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13 - 16 February 2019 // Nuremberg, Germany

BIOFACH Newsroom

Plant-Based Food – (R)Evolution in our nutrition

Hanni Rützler
Hanni Rützler // © Hanni Rützler

The culinary revaluation of plant-based food is in full swing. The megatrends of health, ethical food and vegetarianism, as a diet with a lengthy tradition, have developed in a way that is setting a new direction for the meat-based food culture in our industrialised countries. After all, food trends are part of a permanent development cycle, and the changes they initiate in our food culture will impact back on them, too.

The culmination of the combined megatrend of health, ethical food and the vegetarian movement is veganism, which has led to the development of new foodstuffs (i.e. plant-based substitutes for meat and dairy products), as well as strong countertrends and innovations. Organic farmers are focusing on older cattle and pig breeds, while butchers are turning to high-quality dry ageing, and scientists are working to bring in-vitro meat to the market – all from a perspective of more sustainable, ethical and environmentally responsible meat production. This has led to the development of a new trend (“flexitarians”), which brings together these conflicting trends and helps stimulate the further development of plant-based foods, such as protein snacks developed around plant-based raw materials, which will also prove popular with omnivores.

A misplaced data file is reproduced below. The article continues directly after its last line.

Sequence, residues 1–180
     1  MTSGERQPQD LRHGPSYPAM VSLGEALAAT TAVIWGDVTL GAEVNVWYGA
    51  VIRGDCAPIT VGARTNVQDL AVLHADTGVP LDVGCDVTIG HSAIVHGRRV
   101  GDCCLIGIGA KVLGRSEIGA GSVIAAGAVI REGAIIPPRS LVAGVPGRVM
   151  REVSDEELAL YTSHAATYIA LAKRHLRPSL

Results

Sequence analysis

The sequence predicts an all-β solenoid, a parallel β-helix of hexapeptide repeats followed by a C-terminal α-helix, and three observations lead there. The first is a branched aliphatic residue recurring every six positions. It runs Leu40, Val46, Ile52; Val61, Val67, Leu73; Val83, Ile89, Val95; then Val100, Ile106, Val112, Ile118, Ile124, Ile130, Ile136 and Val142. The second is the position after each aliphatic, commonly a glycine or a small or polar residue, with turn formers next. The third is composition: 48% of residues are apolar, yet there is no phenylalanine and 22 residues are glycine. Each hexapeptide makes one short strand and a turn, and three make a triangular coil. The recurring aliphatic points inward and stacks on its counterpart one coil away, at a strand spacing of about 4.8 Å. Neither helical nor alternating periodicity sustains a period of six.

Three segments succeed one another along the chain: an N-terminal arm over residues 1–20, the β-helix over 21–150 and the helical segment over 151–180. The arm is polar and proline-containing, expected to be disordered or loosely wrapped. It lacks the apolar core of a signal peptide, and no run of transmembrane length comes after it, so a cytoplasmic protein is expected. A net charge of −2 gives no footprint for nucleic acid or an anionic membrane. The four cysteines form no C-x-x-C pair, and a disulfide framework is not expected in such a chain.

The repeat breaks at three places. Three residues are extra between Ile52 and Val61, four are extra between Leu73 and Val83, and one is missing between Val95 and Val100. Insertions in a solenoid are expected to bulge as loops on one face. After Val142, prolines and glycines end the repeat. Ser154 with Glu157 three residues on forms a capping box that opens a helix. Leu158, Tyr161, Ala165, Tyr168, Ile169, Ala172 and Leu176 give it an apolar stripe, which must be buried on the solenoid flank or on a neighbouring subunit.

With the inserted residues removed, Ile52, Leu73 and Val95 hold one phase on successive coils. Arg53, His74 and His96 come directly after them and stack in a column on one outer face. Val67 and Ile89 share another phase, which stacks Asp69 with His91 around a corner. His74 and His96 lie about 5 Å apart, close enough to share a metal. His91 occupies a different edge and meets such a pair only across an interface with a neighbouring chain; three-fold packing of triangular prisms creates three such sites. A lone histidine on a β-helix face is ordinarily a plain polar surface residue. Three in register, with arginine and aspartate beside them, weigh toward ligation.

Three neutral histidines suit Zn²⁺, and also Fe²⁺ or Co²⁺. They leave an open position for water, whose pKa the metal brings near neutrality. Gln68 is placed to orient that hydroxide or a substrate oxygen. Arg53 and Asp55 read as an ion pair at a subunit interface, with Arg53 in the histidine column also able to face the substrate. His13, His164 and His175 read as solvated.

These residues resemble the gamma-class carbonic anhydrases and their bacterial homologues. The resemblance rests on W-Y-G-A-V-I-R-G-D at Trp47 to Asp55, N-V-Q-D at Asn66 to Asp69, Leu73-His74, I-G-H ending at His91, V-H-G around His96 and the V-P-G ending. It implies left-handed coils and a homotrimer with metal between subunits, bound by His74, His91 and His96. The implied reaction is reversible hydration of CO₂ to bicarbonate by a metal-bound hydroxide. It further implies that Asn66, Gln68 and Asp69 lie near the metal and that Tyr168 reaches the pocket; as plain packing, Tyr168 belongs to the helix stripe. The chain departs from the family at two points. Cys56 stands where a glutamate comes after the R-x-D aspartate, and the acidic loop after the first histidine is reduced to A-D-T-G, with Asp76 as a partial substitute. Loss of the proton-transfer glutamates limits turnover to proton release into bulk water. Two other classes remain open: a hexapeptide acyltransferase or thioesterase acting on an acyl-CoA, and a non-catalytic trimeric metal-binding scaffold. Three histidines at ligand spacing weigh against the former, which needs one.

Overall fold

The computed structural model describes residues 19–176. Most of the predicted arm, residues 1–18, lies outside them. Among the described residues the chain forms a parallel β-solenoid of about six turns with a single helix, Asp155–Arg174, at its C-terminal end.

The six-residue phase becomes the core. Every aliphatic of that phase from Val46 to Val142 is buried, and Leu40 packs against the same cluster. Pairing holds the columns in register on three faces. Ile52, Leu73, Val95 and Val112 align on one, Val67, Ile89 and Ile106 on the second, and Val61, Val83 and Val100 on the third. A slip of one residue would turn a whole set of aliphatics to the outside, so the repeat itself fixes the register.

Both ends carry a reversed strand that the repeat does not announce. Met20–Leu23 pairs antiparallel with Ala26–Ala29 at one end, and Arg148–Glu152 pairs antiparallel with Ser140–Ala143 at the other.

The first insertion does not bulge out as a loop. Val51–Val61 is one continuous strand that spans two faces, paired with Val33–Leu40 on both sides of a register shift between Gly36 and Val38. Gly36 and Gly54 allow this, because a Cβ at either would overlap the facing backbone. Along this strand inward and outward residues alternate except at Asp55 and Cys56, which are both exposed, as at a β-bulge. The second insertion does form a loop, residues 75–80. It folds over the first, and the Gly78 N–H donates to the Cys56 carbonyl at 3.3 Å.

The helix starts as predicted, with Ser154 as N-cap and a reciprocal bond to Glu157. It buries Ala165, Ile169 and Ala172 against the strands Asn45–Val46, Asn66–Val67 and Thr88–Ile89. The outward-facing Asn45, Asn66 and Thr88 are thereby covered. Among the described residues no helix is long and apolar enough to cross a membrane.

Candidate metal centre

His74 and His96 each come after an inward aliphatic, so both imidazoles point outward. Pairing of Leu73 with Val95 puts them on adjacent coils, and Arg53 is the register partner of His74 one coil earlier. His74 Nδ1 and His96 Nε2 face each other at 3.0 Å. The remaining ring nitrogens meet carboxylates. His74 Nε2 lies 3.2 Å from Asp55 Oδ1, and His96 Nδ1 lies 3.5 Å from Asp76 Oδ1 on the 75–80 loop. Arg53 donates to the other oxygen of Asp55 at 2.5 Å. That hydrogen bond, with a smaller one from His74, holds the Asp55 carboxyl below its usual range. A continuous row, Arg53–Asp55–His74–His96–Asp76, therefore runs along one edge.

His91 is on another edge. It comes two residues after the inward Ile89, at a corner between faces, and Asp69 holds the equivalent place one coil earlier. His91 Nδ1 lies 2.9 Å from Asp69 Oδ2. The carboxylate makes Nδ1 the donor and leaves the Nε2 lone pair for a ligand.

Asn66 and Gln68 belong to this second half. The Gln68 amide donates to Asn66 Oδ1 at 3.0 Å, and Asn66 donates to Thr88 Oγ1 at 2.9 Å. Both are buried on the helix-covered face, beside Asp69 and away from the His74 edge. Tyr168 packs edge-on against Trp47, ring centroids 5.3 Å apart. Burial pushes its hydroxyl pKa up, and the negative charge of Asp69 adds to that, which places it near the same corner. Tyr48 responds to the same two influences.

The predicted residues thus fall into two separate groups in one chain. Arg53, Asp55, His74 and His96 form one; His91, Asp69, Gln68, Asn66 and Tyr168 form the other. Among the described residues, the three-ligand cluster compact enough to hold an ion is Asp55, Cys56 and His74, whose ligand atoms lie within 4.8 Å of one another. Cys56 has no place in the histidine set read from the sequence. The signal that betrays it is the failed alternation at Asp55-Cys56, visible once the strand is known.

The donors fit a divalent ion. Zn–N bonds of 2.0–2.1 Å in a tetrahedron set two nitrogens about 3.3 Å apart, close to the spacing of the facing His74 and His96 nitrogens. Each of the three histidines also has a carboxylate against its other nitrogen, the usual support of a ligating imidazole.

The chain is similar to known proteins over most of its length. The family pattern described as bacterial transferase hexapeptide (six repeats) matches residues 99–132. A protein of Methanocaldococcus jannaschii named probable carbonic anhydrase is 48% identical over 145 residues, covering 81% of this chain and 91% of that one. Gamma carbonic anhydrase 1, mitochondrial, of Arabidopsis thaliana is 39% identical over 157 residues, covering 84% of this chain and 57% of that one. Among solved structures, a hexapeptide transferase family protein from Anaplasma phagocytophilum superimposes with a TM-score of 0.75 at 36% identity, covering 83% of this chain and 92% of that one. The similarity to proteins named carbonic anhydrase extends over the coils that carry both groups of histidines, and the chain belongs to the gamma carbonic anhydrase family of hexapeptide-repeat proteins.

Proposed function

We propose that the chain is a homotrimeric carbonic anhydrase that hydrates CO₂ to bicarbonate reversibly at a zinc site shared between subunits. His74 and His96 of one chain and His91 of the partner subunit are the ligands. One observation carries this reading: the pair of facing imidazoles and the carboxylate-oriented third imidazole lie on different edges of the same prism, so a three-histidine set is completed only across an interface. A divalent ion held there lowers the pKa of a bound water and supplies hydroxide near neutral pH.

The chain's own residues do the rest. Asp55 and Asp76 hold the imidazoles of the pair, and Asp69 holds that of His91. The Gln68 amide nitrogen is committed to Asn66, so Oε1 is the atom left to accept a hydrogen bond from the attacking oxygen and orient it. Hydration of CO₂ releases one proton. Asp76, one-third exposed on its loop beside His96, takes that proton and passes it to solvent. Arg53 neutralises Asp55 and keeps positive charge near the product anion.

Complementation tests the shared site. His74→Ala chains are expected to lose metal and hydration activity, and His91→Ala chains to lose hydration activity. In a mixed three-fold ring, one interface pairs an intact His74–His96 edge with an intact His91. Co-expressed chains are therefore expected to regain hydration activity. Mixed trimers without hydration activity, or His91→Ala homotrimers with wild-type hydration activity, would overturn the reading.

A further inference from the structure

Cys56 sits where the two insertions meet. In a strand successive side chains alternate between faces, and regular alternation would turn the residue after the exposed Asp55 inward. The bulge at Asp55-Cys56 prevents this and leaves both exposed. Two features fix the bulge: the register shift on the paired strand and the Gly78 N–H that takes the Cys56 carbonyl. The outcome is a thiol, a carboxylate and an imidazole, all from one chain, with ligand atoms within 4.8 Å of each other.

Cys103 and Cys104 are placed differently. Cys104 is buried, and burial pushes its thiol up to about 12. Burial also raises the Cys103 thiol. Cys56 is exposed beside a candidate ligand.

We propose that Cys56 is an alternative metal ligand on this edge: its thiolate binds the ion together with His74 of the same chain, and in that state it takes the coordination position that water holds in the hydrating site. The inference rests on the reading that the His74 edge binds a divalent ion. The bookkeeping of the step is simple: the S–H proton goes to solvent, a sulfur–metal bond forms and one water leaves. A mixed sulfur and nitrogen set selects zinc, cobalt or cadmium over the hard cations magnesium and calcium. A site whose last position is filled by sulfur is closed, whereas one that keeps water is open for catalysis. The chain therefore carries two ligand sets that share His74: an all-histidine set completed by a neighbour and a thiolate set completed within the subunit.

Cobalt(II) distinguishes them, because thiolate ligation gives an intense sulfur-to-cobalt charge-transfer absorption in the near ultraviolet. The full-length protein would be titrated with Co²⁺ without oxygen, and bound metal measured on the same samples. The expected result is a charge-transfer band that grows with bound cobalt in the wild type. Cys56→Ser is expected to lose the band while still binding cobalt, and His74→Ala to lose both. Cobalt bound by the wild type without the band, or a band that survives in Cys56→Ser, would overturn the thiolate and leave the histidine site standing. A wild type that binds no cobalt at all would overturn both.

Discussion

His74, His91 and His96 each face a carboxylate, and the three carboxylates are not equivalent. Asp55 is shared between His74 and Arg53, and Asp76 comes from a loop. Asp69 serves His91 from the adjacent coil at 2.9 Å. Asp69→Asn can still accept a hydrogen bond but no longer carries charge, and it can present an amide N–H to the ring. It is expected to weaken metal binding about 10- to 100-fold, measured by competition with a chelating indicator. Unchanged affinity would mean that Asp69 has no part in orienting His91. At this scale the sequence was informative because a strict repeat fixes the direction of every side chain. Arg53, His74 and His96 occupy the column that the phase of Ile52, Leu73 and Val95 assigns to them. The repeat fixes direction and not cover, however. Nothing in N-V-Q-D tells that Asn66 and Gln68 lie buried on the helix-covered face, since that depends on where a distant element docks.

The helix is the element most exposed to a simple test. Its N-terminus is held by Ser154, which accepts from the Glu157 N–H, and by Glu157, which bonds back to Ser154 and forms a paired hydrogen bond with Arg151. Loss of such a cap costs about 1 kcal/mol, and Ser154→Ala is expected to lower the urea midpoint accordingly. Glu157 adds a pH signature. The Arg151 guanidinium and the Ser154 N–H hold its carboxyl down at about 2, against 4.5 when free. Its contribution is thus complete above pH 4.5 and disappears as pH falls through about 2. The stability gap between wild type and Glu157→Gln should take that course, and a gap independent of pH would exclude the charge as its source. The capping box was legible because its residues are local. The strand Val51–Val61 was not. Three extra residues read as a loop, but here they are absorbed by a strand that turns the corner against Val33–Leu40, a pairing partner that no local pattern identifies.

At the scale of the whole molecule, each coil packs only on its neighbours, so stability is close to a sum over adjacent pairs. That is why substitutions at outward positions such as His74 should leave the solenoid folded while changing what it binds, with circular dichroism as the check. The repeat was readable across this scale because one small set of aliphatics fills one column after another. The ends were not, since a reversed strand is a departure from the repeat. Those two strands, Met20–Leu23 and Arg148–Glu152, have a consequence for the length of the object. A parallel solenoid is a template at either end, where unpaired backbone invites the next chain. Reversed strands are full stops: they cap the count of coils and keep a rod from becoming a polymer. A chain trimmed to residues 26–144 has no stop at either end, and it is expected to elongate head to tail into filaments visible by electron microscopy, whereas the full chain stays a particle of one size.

At a broader level, plant-based food covers the flexitarian, vegetarian and vegan diets, and is being increasingly used to designate animal-free products in place of “vegan” (which many consumers perceive as an ideological battle cry and a symbol of prohibition), and as a way of appealing to the growing number of people who are adopting a healthier diet and want to reduce their extensive meat consumption, even if partially for environmental reasons, but take a sceptical view of rigid diets.

Strictly speaking, “plant-based” can also include restaurant or home-cooked meals in which vegetables and grains predominate, with fish or meat serving as no more than a minor accompaniment to enhance the meal, with quality rather than quantity at the forefront. From a sustainability perspective – CO2-equivalent emissions for the climate-change aspect and material input for the sparing use of resources – both organic and in-vitro products have the potential to be winners in the future.

About the author

Hanni Rützler has made a name for herself both within and beyond the German-speaking countries as a food trend researcher with her multidisciplinary approach to questions of how we eat and drink. As an author and speaker she is particularly appreciated for bringing theory and practice together. Her annual Food Report is one of the most influential publications in the restaurant and foodstuffs sector.

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